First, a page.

To estimate the relative levels of expression of G38D and to locate the mutant and wild-type Tα in transgenic rods, the Glu-Glu (EE) monoclonal antibody epitope was created within the loop between helices E and F of the Tα helical domain (Fig. 1A). The EE tagging of different G-protein α subunits, such as Gqα, Gsα, and Giα, at this location does not alter signaling activity (Wilson and Bourne, 1995; Medina et al., 1996). The EE-tagged transducin-like chimeric Tα* (Tα*EE) was similar to Tα* in all biochemical tests including coupling to R*, GTPase activity, and interactions with RGS9 and PDE6 (Kerov et al., 2005). Two transgenic lines expressing the EE-tagged G38D mutant were established. These lines expressed G38D at similar levels (∼20% of total Tα; data not shown), and therefore only one was selected for breeding the transgene into the hemizygous (Tα+/−) and knock-out (Tα−/−) background.
The immunoblot analysis with anti-rod Tα antibody indicated that the total Tα (G38D plus native Tα) level in G38D/Tα+/− mice is similar to the Tα level in control Tα+/+ mice (∼2.4–2.6 μg Tα/retina) (Fig. 1B). Based on the analysis with EE antibody, expression of G38D in the Tα+/− background was ∼25% of total Tα (Fig. 1C). The level of G38D was higher in the Tα knock-out background (0.8–0.9 μg G38D/retina; i.e., ∼30–35% of native Tα content in control retina), suggesting that the expression from the wild-type allele slightly suppresses expression of the transgene (Fig. 1C). The potential effect of transgene expression on levels of several key phototransduction proteins was examined by Western blot analysis with antibodies against R, Tβ, Tγ, RGS9-1, and PDE6αβ. The levels of all these proteins were comparable in the G38D/Tα−/− and control mice (Fig. 2A). In addition, at 5 months of age, mice expressing G38D on the heterozygous Tα+/− and knock-out Tα−/− backgrounds showed normal gross morphology of the retina with no apparent signs of retinal degeneration (Fig. 2B).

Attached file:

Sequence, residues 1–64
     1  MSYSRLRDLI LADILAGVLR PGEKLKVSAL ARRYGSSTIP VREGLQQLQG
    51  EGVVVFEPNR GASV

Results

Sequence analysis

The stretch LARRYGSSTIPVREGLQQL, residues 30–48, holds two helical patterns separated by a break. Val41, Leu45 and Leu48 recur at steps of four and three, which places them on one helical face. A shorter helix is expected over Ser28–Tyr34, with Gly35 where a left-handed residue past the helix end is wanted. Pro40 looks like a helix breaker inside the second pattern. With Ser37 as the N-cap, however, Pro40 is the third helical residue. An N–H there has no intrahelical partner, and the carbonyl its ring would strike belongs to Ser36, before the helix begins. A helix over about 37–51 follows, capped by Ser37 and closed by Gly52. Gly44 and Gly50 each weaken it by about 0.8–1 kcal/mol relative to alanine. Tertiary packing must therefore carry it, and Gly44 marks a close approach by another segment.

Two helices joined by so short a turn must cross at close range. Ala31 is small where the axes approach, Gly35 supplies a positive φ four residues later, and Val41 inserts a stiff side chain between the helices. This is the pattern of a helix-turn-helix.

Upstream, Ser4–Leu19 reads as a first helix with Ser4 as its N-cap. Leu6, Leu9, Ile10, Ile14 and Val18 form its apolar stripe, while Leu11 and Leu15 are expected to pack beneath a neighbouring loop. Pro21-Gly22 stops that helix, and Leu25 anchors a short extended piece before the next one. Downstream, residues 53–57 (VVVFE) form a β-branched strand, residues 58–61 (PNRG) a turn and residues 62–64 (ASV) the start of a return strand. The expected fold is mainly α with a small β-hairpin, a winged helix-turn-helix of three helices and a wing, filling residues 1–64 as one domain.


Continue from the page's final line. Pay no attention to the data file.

Localization and light-dependent translocation of G38D in transgenic mice
Native transducin is known to reside in the OS of dark-adapted photoreceptors. Prolonged exposure to light causes rod transducin to translocate from the OS to the inner segment (IS) (Brann and Cohen, 1987; Philp et al., 1987; Whelan and McGinnis, 1988; Sokolov et al., 2002). We compared the localization and translocation of G38D to that of wild-type Tα. Immunohistochemical analysis of mouse retinal sections using anti-rod Tα and EE antibodies revealed that G38D is correctly localized to the rod OS in dark-adapted G38D/Tα+/− and G38D/Tα−/− mice and does not interfere with the proper OS localization of the wild-type Tα in G38D/Tα+/− rods (Fig. 3A). The patterns of light-induced translocation of Tα and G38D in G38D/Tα+/−, G38D/Tα−/−, and control Tα+/+ mice were similar (Fig. 3A). The possibility that G38D may alter the movement of transducin to the OS during dark adaptation was also investigated. The distributions of Tα and G38D were probed in G38D/Tα+/− mice dark adapted for 4 and 10 h after light exposure (1000 lux, 40 min). No differences were detected in the return of Tα and G38D to the OS in control and G38D/Tα+/− mice (data not shown).
Visual arrestin is another major photoreceptor protein that undergoes light-dependent translocation (Philp et al., 1987; Whelan and McGinnis, 1988). The light-induced redistribution of arrestin from the IS to the OS was normal in G38D/Tα−/− mice (Fig. 3B). In addition, because the rod opsin promoter fragment used in the transgenic construct was reported to direct expression to both rods and cones (Woodford et al., 1994), we performed double immunostaining of retinal sections from G38D/Tα−/− mice with anti-EE- and cone Tα-specific antibodies. We could detect no significant expression of the G38D transgene in cones (Fig. 3C). Thus, the expression pattern and light-dependent translocation of G38D mimics that of endogenous Tα.
Biochemical analysis of G38D function
Biochemical characterization of G38D mice was performed using ROS membrane fractions isolated from the G38D/Tα+/−, G38D/Tα−/−, and control Tα+/+ mice. The total amount of transducin, and its gross ability to be activated by R*, was determined by light-dependent binding of GTPγS. The basal (dark) and maximal light-dependent [35S]GTPγS binding levels in control and G38D/Tα+/− ROSs were similar (Fig. 4A). The level of light-dependent binding of [35S]GTPγS to G38D/Tα−/− ROS was approximately threefold lower (Fig. 4A), which is in agreement with the expression level of G38D in G38D/Tα−/− mice (see above). This suggests that the exchange of GDP for GTP catalyzed by R* is normal for the G38D protein.